What was the biggest obstacle in your life you had to overcome, and how did you overcome it?

The biggest obstacle I have had to overcome in my life would be getting back to where I belonged after leaving the game of football and college for a year and a half. After my sophomore year of college football, I left Southwest Baptist University to be back with my family. My wife and I became regular workers, and for the first time in my life had to be in the real world away from football. In that year in a half I lost my best friend and my uncle. Before they passed, my best friend and uncle told me how they wished I never left my college career. I knew I wanted to play again, but didn’t know how. I wanted to finish where I started, and luckily for me, SBU’s new defensive coordinator had all of his chips on me. I returned to football in 2014 close to the worst shape of my life, but through hard work and perseverance I was able to finish my career in the best shape of my life along with the best season of my career.

Do you have any pre-game rituals?

I have one ritual. I sit in my locker, turn on my game day playlist, close my eyes and picture how the game is going to go.

As a small school football player what obstacles do you feel you have to overcome?

I believe I have to overcome proving to scouts that I can compete at the next level and not just at the D2 level.

What is your biggest strength?

My biggest strength is my mentality. I believe I can’t be blocked on the field. I believe I will make every play that comes my way, and even those that don’t. I believe I am the best. My mentality gives me that edge I need to dominate.

What is your biggest weakness?

My biggest weakness would be my mentality as well. The nose position isn’t always the prettiest. Sometime you just have to take on double and triple teams and let your backers make the tackle. Sometimes I get too caught up in stopping the play that I ditch those blocks too soon and allow opportunities for a play to happen.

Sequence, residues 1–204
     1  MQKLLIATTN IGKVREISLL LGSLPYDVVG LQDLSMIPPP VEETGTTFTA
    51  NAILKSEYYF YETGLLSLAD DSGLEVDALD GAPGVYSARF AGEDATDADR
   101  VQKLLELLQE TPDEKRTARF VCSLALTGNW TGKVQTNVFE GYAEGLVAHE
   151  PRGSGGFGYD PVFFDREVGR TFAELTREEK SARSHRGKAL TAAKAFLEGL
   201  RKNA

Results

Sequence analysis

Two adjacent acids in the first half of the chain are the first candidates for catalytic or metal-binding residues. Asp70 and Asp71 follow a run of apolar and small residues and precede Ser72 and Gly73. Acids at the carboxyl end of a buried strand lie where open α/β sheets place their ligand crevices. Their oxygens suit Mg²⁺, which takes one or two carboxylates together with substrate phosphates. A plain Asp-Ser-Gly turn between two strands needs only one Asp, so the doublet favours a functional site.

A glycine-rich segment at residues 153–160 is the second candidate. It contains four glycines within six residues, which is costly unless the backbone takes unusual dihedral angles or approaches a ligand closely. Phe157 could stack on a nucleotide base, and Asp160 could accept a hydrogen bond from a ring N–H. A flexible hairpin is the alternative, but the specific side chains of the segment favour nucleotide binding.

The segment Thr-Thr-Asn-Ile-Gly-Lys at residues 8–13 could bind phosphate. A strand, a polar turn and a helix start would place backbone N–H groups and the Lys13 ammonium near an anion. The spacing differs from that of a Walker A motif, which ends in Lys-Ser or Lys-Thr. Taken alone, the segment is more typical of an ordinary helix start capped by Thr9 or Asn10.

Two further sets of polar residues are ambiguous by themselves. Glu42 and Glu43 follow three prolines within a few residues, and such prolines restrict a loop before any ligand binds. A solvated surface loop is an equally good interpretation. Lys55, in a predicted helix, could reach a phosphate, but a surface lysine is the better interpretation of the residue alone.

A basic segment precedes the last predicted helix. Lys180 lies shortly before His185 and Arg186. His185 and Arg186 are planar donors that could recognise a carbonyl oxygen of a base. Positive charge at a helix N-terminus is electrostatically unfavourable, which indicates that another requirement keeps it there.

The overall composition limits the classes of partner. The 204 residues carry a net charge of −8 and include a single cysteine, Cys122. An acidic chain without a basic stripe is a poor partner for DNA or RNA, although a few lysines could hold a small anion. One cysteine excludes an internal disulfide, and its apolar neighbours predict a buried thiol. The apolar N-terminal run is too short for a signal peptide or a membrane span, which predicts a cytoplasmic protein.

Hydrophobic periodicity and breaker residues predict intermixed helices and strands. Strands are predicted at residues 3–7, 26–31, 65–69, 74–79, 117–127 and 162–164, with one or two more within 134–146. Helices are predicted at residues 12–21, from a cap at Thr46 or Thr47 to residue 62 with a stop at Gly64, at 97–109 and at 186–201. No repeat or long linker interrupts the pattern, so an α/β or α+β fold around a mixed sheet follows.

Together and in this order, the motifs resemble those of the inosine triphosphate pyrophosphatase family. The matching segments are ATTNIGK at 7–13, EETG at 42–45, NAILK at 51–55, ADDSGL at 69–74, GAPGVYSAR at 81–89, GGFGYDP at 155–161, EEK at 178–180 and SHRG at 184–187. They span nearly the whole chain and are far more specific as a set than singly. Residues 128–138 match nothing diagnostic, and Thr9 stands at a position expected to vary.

If I were a GM and gave you a second to sell yourself, what would you say?

I would say that I am a dominant player who has the size, the strength, and the IQ to play at the next level. All I need is a chance to prove it to you. I also know what it’s like to live without the game of football, and I know I’m not ready to go back to that life. I am a family man who has his family behind him ready to work and grind to get to where we want to be.

Who was your favorite player and/or NFL team growing up?

Before the Houston Texans became a franchise, I was a Brian Urlacher, Chicago Bears fan.

If you could have dinner with three people dead or alive who would you chose?

My best friend Matthew Sepulveda, my Grandpa Toby, and my Uncle Eddie.

With your first NFL paycheck what would you buy?

I would pay off my student loans.

Rapid Answers:

  • Spongebob or Teenage Mutant Ninja Turtles
  • Backstreet Boys or One Direction
  • HGTV or Lifetime Channel
  • Pancakes or Waffles
  • Snakes or Spiders
  • Mario or Maddenj

NFL Draft Diamonds was created to assist the underdogs playing the sport. We call them diamonds in the rough. My name is Damond Talbot, I have worked extremely hard to help hundreds of small school players over the past several years, and will continue my mission. We have several contributors on this site, and if they contribute their name and contact will be in the piece above. You can email me at nfldraftdiamonds@gmail.com